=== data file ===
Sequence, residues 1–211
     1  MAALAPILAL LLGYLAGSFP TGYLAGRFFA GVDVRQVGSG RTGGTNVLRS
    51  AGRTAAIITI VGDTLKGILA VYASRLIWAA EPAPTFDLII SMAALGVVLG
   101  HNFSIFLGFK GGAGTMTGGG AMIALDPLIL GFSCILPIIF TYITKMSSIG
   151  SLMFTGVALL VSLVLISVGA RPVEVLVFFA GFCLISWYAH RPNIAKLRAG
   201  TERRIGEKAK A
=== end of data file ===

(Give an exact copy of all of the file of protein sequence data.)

Sequence, residues 1–211
     1  MAALAPILAL LLGYLAGSFP TGYLAGRFFA GVDVRQVGSG RTGGTNVLRS
    51  AGRTAAIITI VGDTLKGILA VYASRLIWAA EPAPTFDLII SMAALGVVLG
   101  HNFSIFLGFK GGAGTMTGGG AMIALDPLIL GFSCILPIIF TYITKMSSIG
   151  SLMFTGVALL VSLVLISVGA RPVEVLVFFA GFCLISWYAH RPNIAKLRAG
   201  TERRIGEKAK A